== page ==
Lee Ellis: Four healthy ways to improve business reputation and results

In Patrick Lencioni’s latest book “The Advantage: Why Organizational Health Trumps Everything Else in Business,” he points out that the greatest competitive advantage you can have is to be a healthy organization. He’s right.

So what exactly does that look like? Well, let’s take a closer look at the other side of the coin — an unhealthy organization. Here are three strong indicators:

  • A lack of trust leading to poor teamwork and alignment.
  • A lack of clarity about mission, vision and values.
  • A fear of conflict. People are not allowed to say what they really think.

With these symptoms, you can predict a lack of accountability on team goals, resulting in sloppy execution, inadequate results and ultimately, a poor reputation. As a smart business leader, however, you want the best results and a great place to work (they typically go together), so let’s consider the four fundamentals to achieve both goals. 

Build trust

Trust is the hallmark of a cohesive team. Without it, people have doubts, fears and uncertainty, which makes alignment and unity impossible.

Remember that we’re not talking about baseline trust such as, “Do I trust you not to steal my wallet?” Trust in this context means that I understand and accept you because you’re willing to be vulnerable and genuine. There are no hidden agendas.

Clarify and over-communicate 

Leading a business means facing many crucial issues and decisions every day. A good leader has the ability to synthesize large amounts of information into something simple. Too often, leaders assume that their staff see and understand what they do, and this causes problems with execution.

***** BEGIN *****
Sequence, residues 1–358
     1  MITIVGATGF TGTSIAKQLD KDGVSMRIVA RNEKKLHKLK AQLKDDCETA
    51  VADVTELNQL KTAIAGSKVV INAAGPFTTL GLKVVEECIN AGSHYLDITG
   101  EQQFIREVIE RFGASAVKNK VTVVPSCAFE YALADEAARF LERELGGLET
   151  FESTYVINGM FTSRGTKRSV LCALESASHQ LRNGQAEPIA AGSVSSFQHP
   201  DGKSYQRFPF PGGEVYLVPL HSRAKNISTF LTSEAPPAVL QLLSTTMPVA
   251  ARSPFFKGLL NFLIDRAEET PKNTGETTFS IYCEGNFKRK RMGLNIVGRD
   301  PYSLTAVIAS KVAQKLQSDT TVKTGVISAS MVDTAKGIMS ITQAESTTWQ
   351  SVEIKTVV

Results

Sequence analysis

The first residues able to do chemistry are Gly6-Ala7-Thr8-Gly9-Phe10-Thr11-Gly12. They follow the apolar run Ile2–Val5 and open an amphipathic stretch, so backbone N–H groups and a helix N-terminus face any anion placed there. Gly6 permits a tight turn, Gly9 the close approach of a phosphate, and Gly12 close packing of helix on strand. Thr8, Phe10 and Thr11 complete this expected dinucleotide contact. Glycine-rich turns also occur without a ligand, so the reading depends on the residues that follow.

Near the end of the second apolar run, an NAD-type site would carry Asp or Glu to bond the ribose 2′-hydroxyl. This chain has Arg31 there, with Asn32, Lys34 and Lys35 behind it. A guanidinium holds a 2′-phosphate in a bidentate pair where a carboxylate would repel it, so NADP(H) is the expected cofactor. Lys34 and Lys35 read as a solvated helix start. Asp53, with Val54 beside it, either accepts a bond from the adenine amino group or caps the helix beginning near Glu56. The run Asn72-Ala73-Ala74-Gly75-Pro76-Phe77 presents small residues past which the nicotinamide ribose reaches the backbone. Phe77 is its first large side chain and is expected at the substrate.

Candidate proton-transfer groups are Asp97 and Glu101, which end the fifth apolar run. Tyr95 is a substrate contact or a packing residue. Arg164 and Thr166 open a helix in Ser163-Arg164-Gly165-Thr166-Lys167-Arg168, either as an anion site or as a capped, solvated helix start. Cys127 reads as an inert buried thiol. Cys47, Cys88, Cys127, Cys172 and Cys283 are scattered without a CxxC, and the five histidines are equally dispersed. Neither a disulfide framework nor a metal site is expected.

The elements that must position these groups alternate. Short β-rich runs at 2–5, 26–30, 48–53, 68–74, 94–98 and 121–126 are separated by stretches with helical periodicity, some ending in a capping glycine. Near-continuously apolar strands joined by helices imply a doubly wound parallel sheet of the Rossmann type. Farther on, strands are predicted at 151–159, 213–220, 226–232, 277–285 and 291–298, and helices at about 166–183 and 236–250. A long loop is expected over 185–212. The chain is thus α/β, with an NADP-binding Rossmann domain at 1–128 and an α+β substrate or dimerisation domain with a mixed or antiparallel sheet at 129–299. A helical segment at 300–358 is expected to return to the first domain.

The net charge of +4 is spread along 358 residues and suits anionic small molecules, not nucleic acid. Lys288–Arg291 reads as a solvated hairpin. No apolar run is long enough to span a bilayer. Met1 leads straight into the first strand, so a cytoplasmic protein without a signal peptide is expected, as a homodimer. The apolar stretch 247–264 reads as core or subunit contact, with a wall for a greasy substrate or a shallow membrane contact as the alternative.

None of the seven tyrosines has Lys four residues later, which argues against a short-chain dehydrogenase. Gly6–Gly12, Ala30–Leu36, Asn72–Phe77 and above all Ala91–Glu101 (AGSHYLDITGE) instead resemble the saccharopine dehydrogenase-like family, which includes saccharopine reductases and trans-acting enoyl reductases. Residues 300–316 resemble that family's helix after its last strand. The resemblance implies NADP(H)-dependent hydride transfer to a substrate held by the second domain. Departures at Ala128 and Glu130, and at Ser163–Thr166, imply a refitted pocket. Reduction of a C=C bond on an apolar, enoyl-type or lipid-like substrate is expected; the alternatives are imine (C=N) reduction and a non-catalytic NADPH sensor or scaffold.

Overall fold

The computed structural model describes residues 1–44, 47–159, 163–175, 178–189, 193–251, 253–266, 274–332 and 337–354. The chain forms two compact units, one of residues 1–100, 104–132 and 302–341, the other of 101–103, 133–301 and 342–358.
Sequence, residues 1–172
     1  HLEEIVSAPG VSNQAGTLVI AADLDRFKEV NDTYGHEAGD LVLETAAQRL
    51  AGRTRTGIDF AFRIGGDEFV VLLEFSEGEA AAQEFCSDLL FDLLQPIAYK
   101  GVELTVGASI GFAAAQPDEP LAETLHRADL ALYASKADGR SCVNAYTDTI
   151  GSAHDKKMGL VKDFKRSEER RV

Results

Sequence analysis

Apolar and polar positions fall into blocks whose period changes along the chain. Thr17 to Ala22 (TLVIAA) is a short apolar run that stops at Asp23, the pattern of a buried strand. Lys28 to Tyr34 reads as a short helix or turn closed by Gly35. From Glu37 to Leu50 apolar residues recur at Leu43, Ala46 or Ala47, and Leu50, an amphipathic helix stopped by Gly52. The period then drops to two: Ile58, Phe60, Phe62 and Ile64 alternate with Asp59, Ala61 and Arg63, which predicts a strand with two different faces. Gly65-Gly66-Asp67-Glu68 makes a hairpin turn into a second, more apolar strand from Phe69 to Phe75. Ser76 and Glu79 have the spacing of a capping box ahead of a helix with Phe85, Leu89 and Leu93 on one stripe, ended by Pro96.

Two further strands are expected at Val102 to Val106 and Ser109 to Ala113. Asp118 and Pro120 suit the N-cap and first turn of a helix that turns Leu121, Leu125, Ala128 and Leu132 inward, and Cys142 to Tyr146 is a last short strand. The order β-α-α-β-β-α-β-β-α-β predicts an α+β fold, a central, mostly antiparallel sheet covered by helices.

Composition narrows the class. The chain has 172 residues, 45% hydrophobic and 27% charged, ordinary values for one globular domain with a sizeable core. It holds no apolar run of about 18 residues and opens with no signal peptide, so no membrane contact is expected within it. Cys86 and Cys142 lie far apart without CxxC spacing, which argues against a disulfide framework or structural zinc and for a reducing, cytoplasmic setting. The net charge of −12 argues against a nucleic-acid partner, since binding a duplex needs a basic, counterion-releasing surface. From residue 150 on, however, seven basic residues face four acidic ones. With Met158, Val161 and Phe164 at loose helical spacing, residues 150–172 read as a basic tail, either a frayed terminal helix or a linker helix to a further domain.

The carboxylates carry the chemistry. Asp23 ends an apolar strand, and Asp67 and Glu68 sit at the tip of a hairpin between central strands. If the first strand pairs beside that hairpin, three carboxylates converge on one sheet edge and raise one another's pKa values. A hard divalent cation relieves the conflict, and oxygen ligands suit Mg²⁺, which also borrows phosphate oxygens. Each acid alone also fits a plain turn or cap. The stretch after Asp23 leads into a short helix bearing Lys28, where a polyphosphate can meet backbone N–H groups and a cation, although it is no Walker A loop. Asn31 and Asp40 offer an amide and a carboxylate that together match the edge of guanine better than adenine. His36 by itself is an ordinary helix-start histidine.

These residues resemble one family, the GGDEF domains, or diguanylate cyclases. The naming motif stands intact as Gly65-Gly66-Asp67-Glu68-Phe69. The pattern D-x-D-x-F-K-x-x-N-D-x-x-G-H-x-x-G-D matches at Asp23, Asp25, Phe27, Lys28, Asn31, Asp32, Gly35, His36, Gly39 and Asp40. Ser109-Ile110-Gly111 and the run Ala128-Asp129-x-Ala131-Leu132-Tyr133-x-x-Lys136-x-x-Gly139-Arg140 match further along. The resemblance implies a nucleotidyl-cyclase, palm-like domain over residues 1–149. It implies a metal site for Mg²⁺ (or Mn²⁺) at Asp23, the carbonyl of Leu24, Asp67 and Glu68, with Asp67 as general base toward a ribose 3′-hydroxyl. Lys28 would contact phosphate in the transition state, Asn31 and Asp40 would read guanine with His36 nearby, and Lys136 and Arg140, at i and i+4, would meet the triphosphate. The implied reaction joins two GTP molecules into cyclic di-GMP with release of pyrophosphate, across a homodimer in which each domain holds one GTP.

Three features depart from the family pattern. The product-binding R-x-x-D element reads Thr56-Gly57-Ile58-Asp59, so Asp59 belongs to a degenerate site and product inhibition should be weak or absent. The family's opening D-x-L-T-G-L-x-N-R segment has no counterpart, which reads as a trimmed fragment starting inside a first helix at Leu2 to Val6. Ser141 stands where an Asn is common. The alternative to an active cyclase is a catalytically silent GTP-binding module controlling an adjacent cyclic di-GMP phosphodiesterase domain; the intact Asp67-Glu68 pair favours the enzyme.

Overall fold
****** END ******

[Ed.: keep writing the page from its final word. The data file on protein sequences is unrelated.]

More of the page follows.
Imagine a quarterback having a complex play in mind, yet he only calls a short version of it in the huddle. If the players don’t have the same mental picture as the quarterback, mistakes will likely happen.

It’s the same in business. Leaders have to continually clarify and over-communicate the message down to the bottom of the organization to make sure the team understands what plays are being called. 

Create a safe environment and encourage debate

In healthy organizations, there’s an absence of fear, and courage is rewarded. Do your people have to walk on eggshells, or do they feel safe with you? Can they disagree with you and have a fair hearing, or do your reactions equate disagreement with disloyalty?

Healthy leaders invite creative conflict prior to making key decisions to get team buy-in and to make sure that other reasonable ideas are evaluated. They’re more interested in being effective than being “right.”

One of the greatest desires of all people is to be understood, so show courage by listening and learning from your people. Your courage, vulnerability and authenticity will be seen as strengths.  

Be courageous 

Leading isn’t easy. Every day you face tough issues, and your people are watching to see if you will walk the talk of your stated values. It takes all your courage and the support of your team and confidants to consistently lead with honor.

Lean into the pain of your fears to do what you know is right, and you will send a message of healthy courage throughout your organization. Remember that positive emotions are contagious and powerful, and leaders go first. ●

As president of Leadership Freedom® LLC, a leadership and team development consulting company, Lee Ellis consults with Fortune 500 senior executives in the areas of hiring, teambuilding, leadership and human performance development, and succession planning. His latest book about his Vietnam prisoner of war experience is entitled “Leading with Honor: Leadership Lessons from the Hanoi Hilton.” For more information, visit www.leadingwithhonor.com.

 

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